Part 4 of a 4-part series on Generations in ChurchWorld
Last week this post introduced the generational lens that shapes a lot of my views. Monday I began this four-part series by looking at the Millennials; on Tuesday it was Generation X, and Wednesday it was the Baby Boomers. Today I want to look at the fourth of four generations active in ChurchWorld leadership roles today, and the implications for you as a leader with your own team.
G.I. Generation (Born 1901-1924)
Silent Generation (Born 1925-1945)
There are actually two distinct generations represented in today’s post, but due to the small number of G.I. Generations still involved in leadership roles in churches, I am going to look at them as a group.
Scarcity is a common denominator for these two groups. Between two world wars and the Great Depression, these generations had plenty of opportunities to do without. The need to “save for a rainy day” was tangible, and “Waste not, want not” was more than a slogan – it was a commandment. No wonder these generations later disapproved of the Boomers’ eagerness to pay two dollars for a bottle of fancy water! Symbols carried great weight. From swastikas to Sputnik and from flappers to flat tops, these were generations that drove their roadsters to drive-ins, smoke cigarettes and drank ice-cold Coca-Cola, and stacked a few 45s on the record player and did the twist.
Defining events such as World War I, the Roaring Twenties, the Great Depression, the New Deal, World War II, the Korean War, and the GI Bill changed millions of lives and shaped the God-fearing, hardworking, patriotic character of these two amazing generations.
The generational personality of these two groups who lived through these events and conditions can be described in a single word: loyal. These are generations that learned at an early age that by putting aside the needs and wants of the individual and working together toward common goals, they could accomplish amazing things. They learned to partner with large institutions in order to get things done, like winning two world wars, conquering the Great Depression, and sending a man to the moon. These are generations that still have an immense amount of faith in institutions, from the church to the government to the military.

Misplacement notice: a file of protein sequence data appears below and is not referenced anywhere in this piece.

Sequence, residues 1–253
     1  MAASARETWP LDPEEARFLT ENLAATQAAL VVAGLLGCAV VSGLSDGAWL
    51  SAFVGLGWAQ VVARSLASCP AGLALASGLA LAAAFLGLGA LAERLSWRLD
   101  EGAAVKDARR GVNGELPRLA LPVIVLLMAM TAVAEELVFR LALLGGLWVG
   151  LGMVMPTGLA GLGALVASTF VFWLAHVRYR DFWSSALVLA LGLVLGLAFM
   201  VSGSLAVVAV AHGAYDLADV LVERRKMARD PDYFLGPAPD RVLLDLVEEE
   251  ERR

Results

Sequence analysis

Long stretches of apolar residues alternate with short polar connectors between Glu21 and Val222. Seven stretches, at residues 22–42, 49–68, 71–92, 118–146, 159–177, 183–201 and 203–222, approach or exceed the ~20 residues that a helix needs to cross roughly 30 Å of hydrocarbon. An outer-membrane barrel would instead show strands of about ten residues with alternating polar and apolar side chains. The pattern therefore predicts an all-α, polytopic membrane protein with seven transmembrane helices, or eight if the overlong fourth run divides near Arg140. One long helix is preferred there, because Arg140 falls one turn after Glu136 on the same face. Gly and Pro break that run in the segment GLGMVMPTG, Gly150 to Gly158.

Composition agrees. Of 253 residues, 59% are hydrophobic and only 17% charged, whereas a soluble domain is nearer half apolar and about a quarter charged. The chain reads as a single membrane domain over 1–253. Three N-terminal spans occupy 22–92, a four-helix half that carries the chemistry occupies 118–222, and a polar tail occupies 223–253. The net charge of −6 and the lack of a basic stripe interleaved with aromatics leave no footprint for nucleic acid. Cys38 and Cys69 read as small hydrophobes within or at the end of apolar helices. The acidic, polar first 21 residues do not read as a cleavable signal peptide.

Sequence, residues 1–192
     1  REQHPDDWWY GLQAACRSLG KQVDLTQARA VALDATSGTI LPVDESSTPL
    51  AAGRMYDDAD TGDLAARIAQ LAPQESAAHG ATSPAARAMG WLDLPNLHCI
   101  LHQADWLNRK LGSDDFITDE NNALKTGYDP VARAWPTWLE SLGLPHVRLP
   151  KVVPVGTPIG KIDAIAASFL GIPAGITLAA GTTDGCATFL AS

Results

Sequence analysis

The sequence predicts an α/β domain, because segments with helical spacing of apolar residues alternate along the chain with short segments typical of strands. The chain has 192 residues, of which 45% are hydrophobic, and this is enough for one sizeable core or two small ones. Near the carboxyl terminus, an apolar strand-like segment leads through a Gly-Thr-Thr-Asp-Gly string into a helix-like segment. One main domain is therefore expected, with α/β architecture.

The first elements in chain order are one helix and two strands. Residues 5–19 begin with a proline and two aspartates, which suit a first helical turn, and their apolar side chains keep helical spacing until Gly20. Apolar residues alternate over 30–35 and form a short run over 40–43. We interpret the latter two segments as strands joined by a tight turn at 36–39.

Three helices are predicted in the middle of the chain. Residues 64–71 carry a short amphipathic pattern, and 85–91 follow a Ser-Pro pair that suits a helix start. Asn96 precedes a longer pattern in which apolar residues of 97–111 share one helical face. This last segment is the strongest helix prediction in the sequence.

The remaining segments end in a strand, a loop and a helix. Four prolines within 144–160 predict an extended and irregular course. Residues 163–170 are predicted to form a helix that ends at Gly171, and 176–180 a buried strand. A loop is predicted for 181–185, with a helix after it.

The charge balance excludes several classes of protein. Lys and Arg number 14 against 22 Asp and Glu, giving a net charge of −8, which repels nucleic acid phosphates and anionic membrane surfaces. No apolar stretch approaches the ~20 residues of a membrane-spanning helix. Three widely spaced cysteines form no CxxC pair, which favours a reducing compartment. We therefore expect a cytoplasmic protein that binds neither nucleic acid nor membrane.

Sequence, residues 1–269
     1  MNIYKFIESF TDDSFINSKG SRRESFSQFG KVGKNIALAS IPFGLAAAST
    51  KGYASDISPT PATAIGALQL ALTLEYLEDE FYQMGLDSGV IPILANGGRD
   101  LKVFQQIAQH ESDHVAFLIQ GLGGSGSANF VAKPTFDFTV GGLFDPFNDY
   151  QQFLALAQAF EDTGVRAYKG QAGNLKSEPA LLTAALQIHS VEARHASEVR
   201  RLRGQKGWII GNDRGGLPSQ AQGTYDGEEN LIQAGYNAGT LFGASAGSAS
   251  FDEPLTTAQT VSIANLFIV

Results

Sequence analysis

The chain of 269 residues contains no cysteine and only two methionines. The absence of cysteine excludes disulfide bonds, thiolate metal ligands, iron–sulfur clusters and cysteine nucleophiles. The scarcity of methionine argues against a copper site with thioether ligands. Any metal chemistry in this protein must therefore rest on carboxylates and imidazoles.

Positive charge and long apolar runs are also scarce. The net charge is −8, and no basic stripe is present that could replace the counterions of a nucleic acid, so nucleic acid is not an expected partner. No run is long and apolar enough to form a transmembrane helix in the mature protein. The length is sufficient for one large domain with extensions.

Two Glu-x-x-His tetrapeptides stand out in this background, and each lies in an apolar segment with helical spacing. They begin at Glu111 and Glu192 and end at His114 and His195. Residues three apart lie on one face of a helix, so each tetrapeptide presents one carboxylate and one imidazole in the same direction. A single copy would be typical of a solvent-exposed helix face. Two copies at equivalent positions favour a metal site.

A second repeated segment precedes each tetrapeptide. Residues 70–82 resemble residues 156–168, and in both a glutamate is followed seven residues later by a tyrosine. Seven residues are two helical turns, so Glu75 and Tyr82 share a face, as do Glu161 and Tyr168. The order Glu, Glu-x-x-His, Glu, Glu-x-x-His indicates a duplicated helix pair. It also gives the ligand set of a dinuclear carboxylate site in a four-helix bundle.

– “When Generations Collide,” by Lynne Lancaster and David Stillman
What is the impact of the G.I. and Silent Generations in ChurchWorld today?
It is diminishing due to age, limited mobility, and illness, but the spark of service still burns bright. These two generations have a strong sense of obligation to serve the church. For decades they have been at the heart of their church, and they remain dedicated and willing to help where they can. Of all the generations discussed, they are the most church-going, and they give generously to their churches.
Characteristics like the following served these generations well during dark and troubled times in our nation’s history; they continue to serve by being passed along to younger generations.
- Hard working
For the G.I. and Silent Generations, hard work, self-discipline, and sacrifice have paid off. They survived the difficult years of war and economic depression and believe that the affluence of the 1950s and 1960s proved that striving and surviving were the right way to go.
Even though the youngest of these generations is age 66 and the oldest above 100, don’t make the mistake that they have nothing to contribute. The characteristics listed above not only served to keep our nation strong in difficult times, they can be tapped by younger generations as a gift of legacy.
How are you honoring, remembering, and tapping into the G.I. and Silent Generation?
Generational Disclosure: My parents are from the Silent Generation; my in-laws are from the G.I. Generation. As a young boy, I was lucky to have grown up spending a great deal of time around my father and his peers because we lived right behind the gas station he owned and operated. I grew up listening to stories of WW I and II from men who had been there and survived; I experienced first hand the optimism of the 60s and the tremendous changes America went through. In college and graduate school my professors were primarily from these two generations; my first “bosses” were also part of these generations. In short, most of the adult influencers, from parents to professors to pastors were from these two generations. They were, and remain, the Greatest Generation.
I hope you have enjoyed this briefest of introductions to the generations now serving as leaders in ChurchWorld. You will be seeing more in the future!